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Former BLM chief slams long-term plan
This is an archived article that was published on sltrib.com in 2008, and information in the article may be outdated. It is provided only for personal research purposes and may not be reprinted.

The former head of the Bureau of Land Management accused the director of Utah's BLM office Tuesday of bowing to the "raw political power" of the Bush administration in preparing long-term plans for 11 million acres of red-rock desert in the state.

Jim Baca, who served as the national BLM boss during President Clinton's first term, warned that the agency's six resource-management plans expected to become final next month would lead to pillaging public lands in Utah.

The plans, Baca said, are "really, really disastrous. I think there is malfeasance involved in putting these things forward. . . . What's happened here is just raw political power that wasn't in the public interest."

During a teleconference, Baca - New Mexico's natural-resource trustee and a Southern Utah Wilderness Alliance board member - sharply criticized BLM state Director Selma Sierra.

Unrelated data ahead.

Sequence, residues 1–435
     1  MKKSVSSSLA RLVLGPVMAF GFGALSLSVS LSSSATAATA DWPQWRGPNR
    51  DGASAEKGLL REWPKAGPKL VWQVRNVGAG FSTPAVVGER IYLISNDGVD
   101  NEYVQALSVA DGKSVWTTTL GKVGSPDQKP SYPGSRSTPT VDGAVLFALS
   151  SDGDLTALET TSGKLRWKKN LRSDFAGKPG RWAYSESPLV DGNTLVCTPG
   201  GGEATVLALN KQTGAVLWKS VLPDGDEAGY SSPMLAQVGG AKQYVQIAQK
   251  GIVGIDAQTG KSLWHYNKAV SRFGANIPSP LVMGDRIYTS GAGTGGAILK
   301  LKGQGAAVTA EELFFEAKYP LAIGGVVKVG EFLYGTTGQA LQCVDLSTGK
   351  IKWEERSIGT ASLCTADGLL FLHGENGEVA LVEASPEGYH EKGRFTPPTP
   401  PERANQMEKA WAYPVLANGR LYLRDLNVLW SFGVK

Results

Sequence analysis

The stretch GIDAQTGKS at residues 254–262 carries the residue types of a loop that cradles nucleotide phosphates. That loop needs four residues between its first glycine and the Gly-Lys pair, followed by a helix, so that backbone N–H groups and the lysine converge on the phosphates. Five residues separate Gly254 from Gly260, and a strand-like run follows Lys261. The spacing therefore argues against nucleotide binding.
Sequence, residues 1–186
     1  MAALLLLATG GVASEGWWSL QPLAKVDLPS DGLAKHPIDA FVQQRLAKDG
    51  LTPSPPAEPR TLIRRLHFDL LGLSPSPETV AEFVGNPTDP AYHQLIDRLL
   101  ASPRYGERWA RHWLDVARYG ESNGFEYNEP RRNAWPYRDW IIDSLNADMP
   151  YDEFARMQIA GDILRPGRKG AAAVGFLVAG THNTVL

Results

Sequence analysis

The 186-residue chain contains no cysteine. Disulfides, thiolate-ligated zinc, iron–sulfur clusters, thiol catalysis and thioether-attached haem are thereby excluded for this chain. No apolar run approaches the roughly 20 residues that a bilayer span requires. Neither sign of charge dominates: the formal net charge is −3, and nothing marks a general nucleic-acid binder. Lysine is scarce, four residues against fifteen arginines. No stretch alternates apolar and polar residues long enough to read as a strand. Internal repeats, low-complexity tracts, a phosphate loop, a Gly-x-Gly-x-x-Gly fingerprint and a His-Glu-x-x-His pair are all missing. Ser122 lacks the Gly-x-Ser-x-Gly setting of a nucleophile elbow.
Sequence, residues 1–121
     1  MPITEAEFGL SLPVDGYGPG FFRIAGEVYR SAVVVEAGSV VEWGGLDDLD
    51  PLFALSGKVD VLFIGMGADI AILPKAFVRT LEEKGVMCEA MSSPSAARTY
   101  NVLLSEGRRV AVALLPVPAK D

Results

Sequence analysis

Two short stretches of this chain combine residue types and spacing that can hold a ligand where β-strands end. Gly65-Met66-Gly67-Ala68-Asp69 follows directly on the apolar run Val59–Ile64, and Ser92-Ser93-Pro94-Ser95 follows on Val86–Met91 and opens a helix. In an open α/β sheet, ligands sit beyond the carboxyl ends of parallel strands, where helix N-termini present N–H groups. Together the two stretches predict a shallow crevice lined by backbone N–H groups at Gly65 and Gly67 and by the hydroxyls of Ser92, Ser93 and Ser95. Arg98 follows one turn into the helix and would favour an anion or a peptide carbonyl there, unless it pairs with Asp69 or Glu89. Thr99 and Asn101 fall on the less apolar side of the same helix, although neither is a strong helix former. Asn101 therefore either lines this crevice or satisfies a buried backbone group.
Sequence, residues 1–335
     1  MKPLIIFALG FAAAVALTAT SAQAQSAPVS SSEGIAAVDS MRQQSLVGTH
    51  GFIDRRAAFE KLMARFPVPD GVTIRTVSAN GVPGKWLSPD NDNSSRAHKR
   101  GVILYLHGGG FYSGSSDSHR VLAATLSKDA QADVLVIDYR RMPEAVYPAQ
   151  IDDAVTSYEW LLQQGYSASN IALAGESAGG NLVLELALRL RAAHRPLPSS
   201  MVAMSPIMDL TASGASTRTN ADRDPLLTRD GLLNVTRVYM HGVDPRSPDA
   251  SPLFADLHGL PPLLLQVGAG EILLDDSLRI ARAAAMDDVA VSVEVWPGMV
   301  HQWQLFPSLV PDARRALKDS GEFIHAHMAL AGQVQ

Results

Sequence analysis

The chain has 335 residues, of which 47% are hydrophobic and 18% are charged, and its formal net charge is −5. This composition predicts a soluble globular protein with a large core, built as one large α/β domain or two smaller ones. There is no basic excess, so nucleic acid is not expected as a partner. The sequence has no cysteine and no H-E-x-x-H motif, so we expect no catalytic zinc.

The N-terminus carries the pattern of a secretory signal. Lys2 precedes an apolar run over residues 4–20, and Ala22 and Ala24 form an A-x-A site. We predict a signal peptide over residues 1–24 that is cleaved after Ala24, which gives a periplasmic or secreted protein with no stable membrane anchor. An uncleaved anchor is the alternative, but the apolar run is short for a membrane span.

Baca and representatives of The Wilderness Society, SUWA, the Colorado Plateau Archaeological Alliance and a spokeswoman for Rep. Maurice Hinchey, D-N.Y., organized the news conference to call attention to the Bush administration's lame-duck push to finalize land plans that would open 80 percent of the 11 million acres to oil and gas drilling.

Mary Wilson, spokeswoman for the BLM's state office, dismissed Baca's charges.

"It's an outrageous overstatement," she said. "These plans have been in the making since 2001. Yes, now, they are finally moving off the dime - after some $35 million in taxpayer money."

The interest groups also accused the BLM of flouting federal law by not adequately surveying ancient cultural sites before designating 20,000 miles of motorized recreation routes.

Archaeologist Jerry Spangler pointed to a direct relationship between vehicle access and vandalism at cultural sites. The BLM has failed to inventory most of those routes for cultural resources, he said, which leaves the agency with no basis for deciding whether the sites could be damaged.

"What [Spangler] is talking about is virtually impossible and kind of silly, really," Wilson countered. Such surveys are taken at the environmental-impact-statement level, she said, not the broader level of the long-term plans.

phenetz@sltrib.com

'Disastrous' ideas will affect 11 million acres of red-rock desert in Utah
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